Researchers from Delaware State University and the University of Delaware will be representing the First State this week at the Alzheimer’s International Conference in Washington, D.C.
Their work includes DSU’s study of a lesser-known deteriorating brain protein in mice to UD’s recreation of the body’s blood-brain barrier in a Petri dish so Alzheimer’s drugs can be tested more efficiently.
UD’s petri dish work
“If you are putting medicines inside a person, you want to know how well it crosses the blood-brain barrier,” said Dr. Kelvin Lee, lead researcher at UD.
The barrier, which separates blood in the body from fluid in the brain, limits the type of substances that flow to the the central nervous system.
The most important obstacle to the drug delivery into the brain is the presence of the blood-brain barrier, which limits the traffic of substances.
That can cut two ways. You want treatments for the brain to get to it, but you may not want medication for heart disease to cross into the brain, Lee said.
The barrier has a high ion resistance because it simultaneously protects the brain from foreign substances and keeps the brain healthy. That ion resistance makes it hard to replicate the barrier in Petri dish models, but UD uses adult stem cells to recreate the cells that normally line the barrier. The researchers used them to recreate the cells that normally line the blood vessel in the brain. It normally takes six weeks to cultivate and recreate the cells.
They hope to use the model to study medication such as anti-bodies to fight Alzheimer’s.
Another benefit of being able to test drugs in a petri dish is that the drugs typically are tested in animals. This should reduce the number of animals used.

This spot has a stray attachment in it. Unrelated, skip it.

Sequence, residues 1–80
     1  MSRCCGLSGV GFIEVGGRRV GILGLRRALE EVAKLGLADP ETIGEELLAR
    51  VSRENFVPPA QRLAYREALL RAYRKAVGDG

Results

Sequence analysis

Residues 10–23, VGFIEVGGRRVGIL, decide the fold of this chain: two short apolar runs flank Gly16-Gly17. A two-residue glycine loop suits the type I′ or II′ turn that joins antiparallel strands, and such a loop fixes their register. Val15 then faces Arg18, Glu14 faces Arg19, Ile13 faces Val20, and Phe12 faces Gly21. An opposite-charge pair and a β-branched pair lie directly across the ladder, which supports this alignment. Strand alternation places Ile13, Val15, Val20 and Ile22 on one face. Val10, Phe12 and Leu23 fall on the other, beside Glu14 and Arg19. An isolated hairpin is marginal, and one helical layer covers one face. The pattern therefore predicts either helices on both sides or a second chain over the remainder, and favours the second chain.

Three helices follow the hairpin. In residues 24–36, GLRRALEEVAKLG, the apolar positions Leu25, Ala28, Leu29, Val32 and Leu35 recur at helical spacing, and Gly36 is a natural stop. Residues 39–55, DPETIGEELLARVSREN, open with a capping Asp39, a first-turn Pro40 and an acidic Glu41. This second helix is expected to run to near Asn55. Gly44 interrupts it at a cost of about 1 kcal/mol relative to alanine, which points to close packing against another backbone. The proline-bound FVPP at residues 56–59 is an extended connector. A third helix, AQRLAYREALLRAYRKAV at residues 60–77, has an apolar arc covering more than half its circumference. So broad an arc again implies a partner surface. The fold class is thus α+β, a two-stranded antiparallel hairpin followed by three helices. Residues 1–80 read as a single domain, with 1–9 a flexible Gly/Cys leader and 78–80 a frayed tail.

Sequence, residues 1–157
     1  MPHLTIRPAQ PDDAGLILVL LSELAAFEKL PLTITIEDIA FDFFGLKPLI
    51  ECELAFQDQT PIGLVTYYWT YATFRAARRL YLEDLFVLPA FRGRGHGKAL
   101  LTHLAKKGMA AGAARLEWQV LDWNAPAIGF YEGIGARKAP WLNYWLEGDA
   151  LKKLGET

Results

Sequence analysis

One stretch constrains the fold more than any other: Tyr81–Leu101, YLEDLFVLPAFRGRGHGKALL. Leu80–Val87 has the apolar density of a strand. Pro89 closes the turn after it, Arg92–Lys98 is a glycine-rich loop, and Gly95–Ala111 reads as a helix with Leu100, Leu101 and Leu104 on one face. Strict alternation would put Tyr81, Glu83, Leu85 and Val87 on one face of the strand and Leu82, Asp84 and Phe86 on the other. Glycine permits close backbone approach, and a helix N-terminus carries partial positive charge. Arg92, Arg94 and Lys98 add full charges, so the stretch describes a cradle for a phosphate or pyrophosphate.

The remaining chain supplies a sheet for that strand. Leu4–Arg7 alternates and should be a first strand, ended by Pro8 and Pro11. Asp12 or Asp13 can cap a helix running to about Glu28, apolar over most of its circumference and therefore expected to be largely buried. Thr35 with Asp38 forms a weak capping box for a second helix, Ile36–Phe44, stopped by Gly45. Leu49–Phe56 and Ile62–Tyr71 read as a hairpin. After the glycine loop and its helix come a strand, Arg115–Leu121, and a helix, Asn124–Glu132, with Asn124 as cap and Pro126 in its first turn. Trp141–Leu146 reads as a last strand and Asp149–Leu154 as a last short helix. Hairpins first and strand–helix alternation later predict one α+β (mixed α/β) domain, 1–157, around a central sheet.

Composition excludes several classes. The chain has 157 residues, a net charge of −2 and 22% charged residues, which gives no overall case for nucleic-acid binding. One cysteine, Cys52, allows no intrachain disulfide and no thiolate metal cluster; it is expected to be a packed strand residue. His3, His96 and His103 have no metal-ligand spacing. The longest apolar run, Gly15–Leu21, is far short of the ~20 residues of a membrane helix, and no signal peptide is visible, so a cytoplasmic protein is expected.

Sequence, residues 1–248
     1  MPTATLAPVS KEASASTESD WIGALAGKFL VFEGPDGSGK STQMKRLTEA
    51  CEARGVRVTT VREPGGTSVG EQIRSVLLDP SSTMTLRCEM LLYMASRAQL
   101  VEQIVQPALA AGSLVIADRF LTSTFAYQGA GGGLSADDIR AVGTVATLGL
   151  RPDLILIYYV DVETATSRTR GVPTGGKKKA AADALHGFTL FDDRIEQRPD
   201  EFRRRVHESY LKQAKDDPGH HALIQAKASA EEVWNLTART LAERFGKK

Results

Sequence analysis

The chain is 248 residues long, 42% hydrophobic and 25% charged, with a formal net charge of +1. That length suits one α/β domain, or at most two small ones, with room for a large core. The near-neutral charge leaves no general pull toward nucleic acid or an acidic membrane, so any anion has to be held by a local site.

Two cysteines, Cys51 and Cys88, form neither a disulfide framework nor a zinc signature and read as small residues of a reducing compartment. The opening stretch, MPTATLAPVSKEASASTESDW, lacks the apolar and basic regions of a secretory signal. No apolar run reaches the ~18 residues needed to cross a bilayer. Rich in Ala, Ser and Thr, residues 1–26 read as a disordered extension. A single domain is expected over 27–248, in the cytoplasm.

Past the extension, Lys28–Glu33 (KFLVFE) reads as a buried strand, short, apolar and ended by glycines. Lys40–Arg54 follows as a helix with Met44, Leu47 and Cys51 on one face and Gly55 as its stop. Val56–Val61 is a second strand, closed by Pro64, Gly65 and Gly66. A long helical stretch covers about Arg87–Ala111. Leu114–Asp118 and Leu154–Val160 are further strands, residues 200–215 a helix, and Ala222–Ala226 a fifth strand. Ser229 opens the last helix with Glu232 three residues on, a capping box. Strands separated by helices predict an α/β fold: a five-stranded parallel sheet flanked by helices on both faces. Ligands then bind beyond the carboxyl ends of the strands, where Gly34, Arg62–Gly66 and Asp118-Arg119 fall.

DSU’s brain protein work
This is not Michael Gitcho’s first research conference. But it will be Gitcho’s first as a Delaware State University research professor bringing students.
“It’s real exciting for me and the students have just turned out amazing,” Gitcho said. “I have some real hardworking students down here.”
For the past two years, his students have been looking at the basic function of TDP-43, a protein found in the brain in about 50 percent of spontaneous, not genetic, Alzheimer’s cases.
Scientists have already hypothesized that the increased buildup of two proteins, tau and beta-amyloid, destroy nerve cells in the brain, which causes memory loss and personality changes. But TDP-43 could possibly do the same. When the protein accumulates, neuron cells in the brain die off.
By increasing the levels of TDP-43 in mice, researchers are studying how and if their brains lose memory function.
So far, the mouse models have shown that the increase causes neuron pathways to change and disintegrate.
“They look incredibly promising,” Gitcho said.
By studying in the mouse models how the protein works, scientists can begin to see which medications could be used to manage or prevent the disease.
Stephanie Davis, a post doctoral research associate at DSU leading the mouse model study, said she is excited just to interact with other scientists at the conference and show off what they have learned so far.
“They might learn from our work another pathway they want to look into,” she said.
Other students are using toxins to simulate cell stress to see if TDP-43 is increased and looking at the impact of sodium and potassium on cells.
The Alzheimer’s Association estimates that by 2050, nearly 16 million Americans will have Alzheimer’s disease. About 200,000 Americans were diagnosed with early-onset Alzheimer’s before they turned 65.
Currently, 26,000 Delawareans live with it or a related disorder.
It’s a great honor that representatives from the colleges will be at the conference, said Claire Day, senior vice president of Delaware Valley Chapter of the Alzheimer’s Association, and it is an especially exciting time for research. More than 70 countries will be represented at the conference.
“I think we are really on the cusp of seeing the end result of some of the longer studies,” Day said.
Even so, progress will take time.
“We are still playing in the minor leagues when it come to the amount of funding we put into research for Alzheimer’s,” she said. Some groups have billions of dollars backing them and Alzheimer’s research has about $500 million.
Jen Rini can be reached at (302)324-2386 or email@example.com. Follow @JenRini on Twitter.